Disconnect the AirPort Antenna Leads from the onboard card. Then, with a Torx T6 remove the black retaining screw. This will allow the card to be removed. Please remember to ground yourself before touching the AirPort Card.

    both cards

    These are the AirPort Cards side by side. On the left is the Original AirPort Extreme Card from the MacBook Pro Core Duo and on the right the AirPort Extreme Card from a Mac Pro. The reason I selected to use the Mac Pro Card is because the card only requires two antenna leads to connect instead of the three on the Airport Extreme card from a MacBook Pro Core 2 Duo. (I think the 3 antenna card model is an Atheros 802-11N card model (vs the more common Broadcom brand used here), which can use 3 antennas for better MIMO. I think you could still use just 2 antennas however. OWC sold some Atheros MiniPCIe cards from Mac system Pulls and also a later Mac Pro Broadcom 802.11N card - Apple P/N 661-4907 or MB988Z/A.)

    Note the little sheet metal piece mounted on the upper left of the original card. I don't know what the purpose of this sheet metal is. (It appears to be a grounding/shield clip.) I decided to go a head and remove it and attach to the Mac Pro Card before installation. The piece can be removed from the backside of the card with a #00 Phillips Screw Driver.


    Here is the sheet metal piece attached to the Mac Pro Card (Upper Left) and ready to be mounted onto the MacBook Pro Core Duo Logic Board.


    Here is the card mounted, antenna leads in place with the black retaining screw also in place. Please note that over tightening the black retaining screw will result in the card "tipping" up on the left side and not allowing the upper case to seat correctly! Tighten the card in place to seat flush. Make sure to route antenna leads in a fashion to not interfere with the upper case. Everything should look as depicted above!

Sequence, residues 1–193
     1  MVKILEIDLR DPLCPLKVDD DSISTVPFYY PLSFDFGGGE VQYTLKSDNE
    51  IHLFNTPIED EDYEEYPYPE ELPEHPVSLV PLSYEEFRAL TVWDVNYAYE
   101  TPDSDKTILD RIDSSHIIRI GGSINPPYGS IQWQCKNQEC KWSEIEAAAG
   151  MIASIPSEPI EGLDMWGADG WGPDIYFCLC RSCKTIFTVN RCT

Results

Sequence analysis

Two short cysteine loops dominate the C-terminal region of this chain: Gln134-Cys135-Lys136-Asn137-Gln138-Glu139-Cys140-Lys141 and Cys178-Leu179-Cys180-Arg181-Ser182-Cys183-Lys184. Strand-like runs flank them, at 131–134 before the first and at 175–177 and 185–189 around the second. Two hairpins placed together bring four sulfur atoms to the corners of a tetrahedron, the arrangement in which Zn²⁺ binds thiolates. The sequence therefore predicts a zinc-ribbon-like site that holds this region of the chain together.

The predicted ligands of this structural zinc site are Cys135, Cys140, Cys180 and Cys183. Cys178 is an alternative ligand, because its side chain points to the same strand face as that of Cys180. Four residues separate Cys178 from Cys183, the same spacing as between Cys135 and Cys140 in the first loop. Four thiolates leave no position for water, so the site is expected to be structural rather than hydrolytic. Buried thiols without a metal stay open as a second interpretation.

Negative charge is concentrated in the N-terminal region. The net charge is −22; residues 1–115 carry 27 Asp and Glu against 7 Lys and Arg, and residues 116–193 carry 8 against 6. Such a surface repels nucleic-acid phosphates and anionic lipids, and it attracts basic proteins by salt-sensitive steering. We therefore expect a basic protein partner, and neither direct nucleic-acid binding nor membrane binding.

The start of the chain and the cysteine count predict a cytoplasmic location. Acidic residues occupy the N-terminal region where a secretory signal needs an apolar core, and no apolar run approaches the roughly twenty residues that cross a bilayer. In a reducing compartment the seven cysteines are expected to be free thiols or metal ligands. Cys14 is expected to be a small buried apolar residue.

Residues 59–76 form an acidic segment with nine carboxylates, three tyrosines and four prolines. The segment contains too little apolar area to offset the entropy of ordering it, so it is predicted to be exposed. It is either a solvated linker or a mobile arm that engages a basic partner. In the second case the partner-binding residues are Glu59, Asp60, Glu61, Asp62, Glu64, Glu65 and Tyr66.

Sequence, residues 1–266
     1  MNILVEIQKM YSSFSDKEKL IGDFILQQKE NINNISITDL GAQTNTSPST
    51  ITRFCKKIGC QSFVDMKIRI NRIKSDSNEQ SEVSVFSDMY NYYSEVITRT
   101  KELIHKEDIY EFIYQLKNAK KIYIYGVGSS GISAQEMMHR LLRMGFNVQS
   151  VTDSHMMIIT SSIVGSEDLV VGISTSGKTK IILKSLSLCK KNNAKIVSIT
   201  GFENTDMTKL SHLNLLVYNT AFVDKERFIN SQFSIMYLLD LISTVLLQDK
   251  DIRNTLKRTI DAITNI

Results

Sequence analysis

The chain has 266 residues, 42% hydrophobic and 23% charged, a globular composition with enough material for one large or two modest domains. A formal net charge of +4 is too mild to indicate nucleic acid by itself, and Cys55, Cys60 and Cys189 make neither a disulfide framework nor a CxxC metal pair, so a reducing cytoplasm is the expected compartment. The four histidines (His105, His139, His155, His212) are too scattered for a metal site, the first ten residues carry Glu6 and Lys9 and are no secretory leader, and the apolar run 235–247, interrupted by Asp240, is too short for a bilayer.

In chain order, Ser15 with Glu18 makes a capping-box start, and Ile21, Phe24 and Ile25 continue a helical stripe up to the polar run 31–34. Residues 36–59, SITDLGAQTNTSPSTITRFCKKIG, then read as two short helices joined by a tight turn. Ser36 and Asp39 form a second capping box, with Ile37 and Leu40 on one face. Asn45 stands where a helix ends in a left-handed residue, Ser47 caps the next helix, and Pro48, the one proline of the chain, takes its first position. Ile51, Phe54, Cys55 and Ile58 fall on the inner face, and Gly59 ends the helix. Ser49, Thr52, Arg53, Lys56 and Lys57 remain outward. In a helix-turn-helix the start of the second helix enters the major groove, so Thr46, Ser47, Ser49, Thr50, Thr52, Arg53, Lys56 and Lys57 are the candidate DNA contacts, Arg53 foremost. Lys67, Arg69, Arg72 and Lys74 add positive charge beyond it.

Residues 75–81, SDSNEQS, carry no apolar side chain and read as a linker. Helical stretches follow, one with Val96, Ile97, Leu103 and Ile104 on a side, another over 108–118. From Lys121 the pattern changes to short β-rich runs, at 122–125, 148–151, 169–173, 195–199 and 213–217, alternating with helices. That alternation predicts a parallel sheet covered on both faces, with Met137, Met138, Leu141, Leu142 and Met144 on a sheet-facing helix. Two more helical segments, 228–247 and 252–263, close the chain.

Now, following the online guide, reassemble the MacBook Pro Core Duo and install the AirPort 802.11 Enabler (no longer reqd) to activate the AirPort Card. Please make sure all appropriate Software Updates have been installed (including any "Airport Extreme 2007-00x" updates) and Repair Permissions as Pacifist will NOT install the Apple AirPort Enabler if permissions are in need of repair!
    (OS X Tiger Users Note: When this article was posted in Feb 2007, Airport Extreme 2007-001 update was the latest - but it was replaced by Airport Extreme 2007-002 update (which included -001), and there were later updates also Airport Extreme 2007-003 update, Airport Extreme 2007-004 update - as of late July 2007. In some cases these AE updates had later (driver loaded) firmware updates also. These later updates were covered when released in the main xlr8yourmac.com front page news and the Mac 802.11n info/feedback/tips here, but remember to check software update for any future releases/updates. (There's also been 2008 Airport updates/Leopard OS X updates.))

    You should see the following in the Apple System Profiler after Enabler Install:
    (Note: Card Firmware version can vary as some Airport Updates included a firmware file, which is loaded from disk, not flashed into the card.)

    AirPort Card Information:

      Wireless Card Type: AirPort Extreme  (0x14E4, 0x87)
      Wireless Card Locale: USA
      Wireless Card Firmware Version:
      Current Wireless Network:  Wireless Channel: 7

    Obviously the Wireless channel and Current Wireless Network will vary as will Wireless Locale if outside of the United States. Type and Firmware should appear as listed.

    The following will be listed in the Network Utility with Network Interface (en1) selected:

    Network utility info

    Model Wireless Network Adapter (802.11 a/b/g/n)!!

    Even without the AirPort Enabler installed you will see a dramatic increase in your wireless signal reception. I would estimate 150% for me.

    I have yet to receive my AirPort Extreme 802.11n Base Station so I cannot comment on 802.11n performance. As soon as I receive it I will make my information available here.

    I would like to thank Mike (xlr8yourmac) for his help in making this little project successful so far. He gave me information on the recent AirPort Extreme update 2007-001 which makes 2wire DSL Modems not visible with Intel Macs. (He mentioned he was running WEP and the AE 2007-001 was reported to break WEP on 2wire.com products, which are often OEM supplier of modems/routers for cable and DSL. Later AE 2007-00x updates addressed that bug.) I had to reactive my AirPort Express' to make this work.

    For other Mac 802.11n reports/tests/tips, Apple Docs, Airport Extreme 802.11n and non-Apple 802.11n base user reports, see the Mac 802.11n page here. There's also a later page on Mac 802.11AC adapters.